I spend a lot of time with groups of people talking about the need to redesign our healthcare system. The one topic that always gets people’s attention is the issue of hours of operation. People get very frustrated when they have a healthcare need and they can’t get in to see their physician or nurse practitioner.
So I am delighted to report about the work of Greater Baltimore Medical Associates (GBMA) and its primary care practices and specialist practices at increasing access to care. To help reach our vision of providing the care that we would want for our own loved ones every time, we have been working to make it easier to get in to be seen when you need to be seen. The number one strategy for this is increasing hours of operation. Through the hard work of GBMA Medical Director Mark Lamos, M.D. and Chief Operating Officer Ben Beres and with the leadership of physicians at each site and the practice managers, we have significantly increased the probability that a patient can get in to see us when he or she needs to.
Back in 2010, GBMA physician offices were open Monday through Friday, 9 am – 5 pm – which admittedly is often not very convenient for many people and often not when illness and sickness strikes. Now, all of the GBMA Primary Care offices have extended office hours Monday through Friday between 7 a.m. and 7 p.m - patients should contact their individual practice for their specific hours or check the GBMA website. In addition, our Hunt Valley office has already started Saturday hours between 9 a.m. and 1 p.m. and over the next several months all of our Primary Care sites will be open on Saturdays.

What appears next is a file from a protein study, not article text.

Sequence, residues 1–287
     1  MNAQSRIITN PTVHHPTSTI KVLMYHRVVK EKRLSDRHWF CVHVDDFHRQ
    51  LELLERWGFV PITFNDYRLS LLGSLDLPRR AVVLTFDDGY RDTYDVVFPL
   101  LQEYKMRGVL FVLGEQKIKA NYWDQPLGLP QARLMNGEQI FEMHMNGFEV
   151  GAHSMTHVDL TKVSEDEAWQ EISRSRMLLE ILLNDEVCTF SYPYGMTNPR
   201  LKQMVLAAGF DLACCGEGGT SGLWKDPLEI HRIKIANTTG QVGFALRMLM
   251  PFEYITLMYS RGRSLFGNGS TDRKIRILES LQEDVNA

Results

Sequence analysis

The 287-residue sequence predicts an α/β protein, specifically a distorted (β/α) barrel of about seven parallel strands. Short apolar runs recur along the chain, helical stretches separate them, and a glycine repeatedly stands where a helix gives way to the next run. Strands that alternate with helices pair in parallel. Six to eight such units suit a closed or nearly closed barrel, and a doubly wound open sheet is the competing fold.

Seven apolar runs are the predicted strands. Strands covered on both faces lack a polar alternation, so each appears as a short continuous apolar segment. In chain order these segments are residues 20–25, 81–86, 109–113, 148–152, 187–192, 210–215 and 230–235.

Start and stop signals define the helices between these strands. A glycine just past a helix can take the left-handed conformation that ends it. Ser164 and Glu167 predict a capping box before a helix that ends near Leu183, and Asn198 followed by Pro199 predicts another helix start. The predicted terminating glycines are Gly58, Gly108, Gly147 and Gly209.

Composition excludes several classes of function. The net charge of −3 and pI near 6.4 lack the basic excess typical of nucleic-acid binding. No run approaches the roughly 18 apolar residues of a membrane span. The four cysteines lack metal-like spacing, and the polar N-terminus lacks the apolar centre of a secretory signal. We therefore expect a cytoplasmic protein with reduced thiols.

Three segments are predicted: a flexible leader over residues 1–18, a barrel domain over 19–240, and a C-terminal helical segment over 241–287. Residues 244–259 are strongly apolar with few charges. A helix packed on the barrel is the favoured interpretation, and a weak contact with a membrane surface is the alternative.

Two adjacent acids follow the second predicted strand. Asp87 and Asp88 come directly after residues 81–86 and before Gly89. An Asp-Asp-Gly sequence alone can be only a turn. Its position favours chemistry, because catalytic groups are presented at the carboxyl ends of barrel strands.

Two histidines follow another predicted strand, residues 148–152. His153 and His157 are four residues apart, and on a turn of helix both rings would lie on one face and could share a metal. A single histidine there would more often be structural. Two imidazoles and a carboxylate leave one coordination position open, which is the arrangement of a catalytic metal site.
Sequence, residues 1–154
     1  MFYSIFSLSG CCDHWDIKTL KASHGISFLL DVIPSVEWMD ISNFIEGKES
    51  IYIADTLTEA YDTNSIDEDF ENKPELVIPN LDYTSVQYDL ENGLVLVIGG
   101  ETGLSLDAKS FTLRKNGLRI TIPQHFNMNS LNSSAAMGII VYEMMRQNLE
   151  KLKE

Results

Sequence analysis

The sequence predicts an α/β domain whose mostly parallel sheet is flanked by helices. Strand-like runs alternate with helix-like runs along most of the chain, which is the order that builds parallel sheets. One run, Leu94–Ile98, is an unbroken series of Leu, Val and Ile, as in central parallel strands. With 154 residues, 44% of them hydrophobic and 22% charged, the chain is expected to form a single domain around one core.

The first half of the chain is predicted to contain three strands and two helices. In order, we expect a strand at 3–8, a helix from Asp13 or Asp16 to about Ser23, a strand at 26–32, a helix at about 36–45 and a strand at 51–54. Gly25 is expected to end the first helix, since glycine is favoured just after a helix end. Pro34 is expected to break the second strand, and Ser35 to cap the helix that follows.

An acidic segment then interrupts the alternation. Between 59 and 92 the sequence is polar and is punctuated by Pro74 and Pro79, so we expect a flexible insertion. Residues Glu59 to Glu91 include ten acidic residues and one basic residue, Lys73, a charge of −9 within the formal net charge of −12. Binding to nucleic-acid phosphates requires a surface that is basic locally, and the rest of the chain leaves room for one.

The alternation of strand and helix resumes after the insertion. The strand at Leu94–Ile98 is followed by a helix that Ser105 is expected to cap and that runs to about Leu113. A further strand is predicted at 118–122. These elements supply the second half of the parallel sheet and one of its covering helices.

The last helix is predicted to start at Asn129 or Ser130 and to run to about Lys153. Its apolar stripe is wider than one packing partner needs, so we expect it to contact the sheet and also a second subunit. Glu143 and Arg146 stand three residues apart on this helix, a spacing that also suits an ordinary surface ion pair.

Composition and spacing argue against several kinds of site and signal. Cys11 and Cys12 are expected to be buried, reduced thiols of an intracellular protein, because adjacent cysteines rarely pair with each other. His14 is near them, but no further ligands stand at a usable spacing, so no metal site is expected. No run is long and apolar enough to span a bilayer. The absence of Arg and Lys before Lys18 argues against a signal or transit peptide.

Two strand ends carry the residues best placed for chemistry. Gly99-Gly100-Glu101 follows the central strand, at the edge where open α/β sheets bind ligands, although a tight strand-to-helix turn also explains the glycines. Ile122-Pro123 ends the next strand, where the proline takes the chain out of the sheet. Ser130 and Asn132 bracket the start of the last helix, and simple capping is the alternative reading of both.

The underpinning of our strategy is the Patient Centered Medical Home, which is centered on an ongoing relationship between the medical care team and the patient such that there is joint decision-making and joint ownership of the patients’ health. In order for this joint ownership to work, the physician and her team need to be available when the patient has a need. The team has to share the responsibility and not act like it is a surprise when the patient calls and needs to be seen. No longer is it ok to use the Emergency Department as the pathway of least resistance. The ED was made for emergencies, and it should not be encumbered with fixing the problems of a poorly designed primary care system. I am so proud of our GBMA teams that they are redesigning to get to better health and better care at lower cost. Their redesigned system is not perfect but is surely a more joyful place to work than the old model.
And we now have the evidence that our patients appreciate the redesigned system! The control chart below shows the monthly improvement on our patient satisfaction survey on the question “How easy is it for you to get an appointment when you need it?” Our score over the last two months has reached an all time high!
Let me thank all of our GBMA people for this great work. It is our intention to continually increase our hours of operation to better meet the needs of the people we serve and to continually move from fragmented care to seamless care. Watch us in 2013!